InsiteTrustTheEvidenceAn example of this can be found in the history of the supervised injection facility in Vancouver called Insite. After a long battle over community (mis)perceptions about the impact it would have, Insite has provided much evidence to show its positive impact on the health of the community, the individuals who attend the clinic, and savings to the health care system.

 

If you are a NeuroDevNet researcher or trainee and need help developing a KT plan (our KT planning service) or finding key stakeholders to consult with or involve in your research (our brokering service), contact the KT Core. In addition to brokering relationships we can offer tools/guides, advice, and review of your KT Plan for end-of-grant and integrated KT.

Does an attractive presentation make you less credible? 5 myths about academic presentations

by Anneliese Poetz, KT Manager, NeuroDevNet

I have attended more presentations, academic and non-academic, than I can count. The most memorable were the ones that used slides containing attractive graphics, photos and little text, supplemented by story-telling; in fact, some of them I remember vividly even several years later. I recently worked with a scientist on powerpoint slides for a very important presentation. After rendering the slides to be more graphic and less text-heavy, this person was worried that they’d be perceived as less credible as a scientist by their peers. As a scientist, presenter, and audience member it had never occurred to me that giving (or attending) such a presentation could be a bad thing.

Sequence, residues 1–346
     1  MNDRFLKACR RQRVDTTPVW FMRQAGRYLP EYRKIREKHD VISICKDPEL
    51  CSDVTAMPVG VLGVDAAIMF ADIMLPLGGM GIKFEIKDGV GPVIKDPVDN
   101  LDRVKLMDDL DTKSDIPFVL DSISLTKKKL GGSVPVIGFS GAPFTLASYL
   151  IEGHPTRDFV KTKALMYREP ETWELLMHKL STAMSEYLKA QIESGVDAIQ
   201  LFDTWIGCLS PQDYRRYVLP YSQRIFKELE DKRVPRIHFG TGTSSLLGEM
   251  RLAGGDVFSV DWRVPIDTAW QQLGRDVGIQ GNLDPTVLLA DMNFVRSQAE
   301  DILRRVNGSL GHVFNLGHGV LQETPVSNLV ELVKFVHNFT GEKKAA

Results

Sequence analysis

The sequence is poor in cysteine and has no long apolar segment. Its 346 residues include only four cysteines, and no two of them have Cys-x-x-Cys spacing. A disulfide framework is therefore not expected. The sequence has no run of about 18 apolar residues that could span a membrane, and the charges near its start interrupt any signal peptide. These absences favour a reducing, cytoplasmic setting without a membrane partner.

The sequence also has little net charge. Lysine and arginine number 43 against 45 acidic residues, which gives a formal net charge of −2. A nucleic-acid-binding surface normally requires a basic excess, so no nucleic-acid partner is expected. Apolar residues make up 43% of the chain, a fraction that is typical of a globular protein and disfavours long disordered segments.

This made me wonder, how many other scientists are out there who think the same way? If this is a popular belief, it might explain a lot – text-heavy slides (death by bullets), often intermingled with complicated un-readable diagrams crammed onto a slide seem to be the norm in academia. There are exceptions, including Dr. SidneyEve Matrix of Queen’s University.

If you are one of these academics, let me dispel some myths right now:

Creating visually appealing slides is both an art and a science.

Creating visually appealing slides is both an art and a science.

1) Scientists, including your peers, are human beings too. As such, they appreciate visuals just as anyone else would. Slides that do not help you make the point that you are talking about should either a) be removed, or b) reworked to be more visually appealing. How do I know this, you might ask? I am a scientist myself and I have attended a broad range of presentations both good and bad. Put yourself in their shoes – how would you feel if you had to hear your own presentation as it is right now?

2) Being a good presenter with good (or no) slide filled with bullet pointsslides as an aid does not reduce your credibility as a scientist. In fact, what does reduce your credibility is having slide after slide of bullet points that you need to read to the audience – this is what we refer to in Knowledge Translation as “death by bullets”. Slides should be thought of as a visual supplement that is primarily for the audience’s benefit, to help you make your point using visuals that are related to what you are talking about.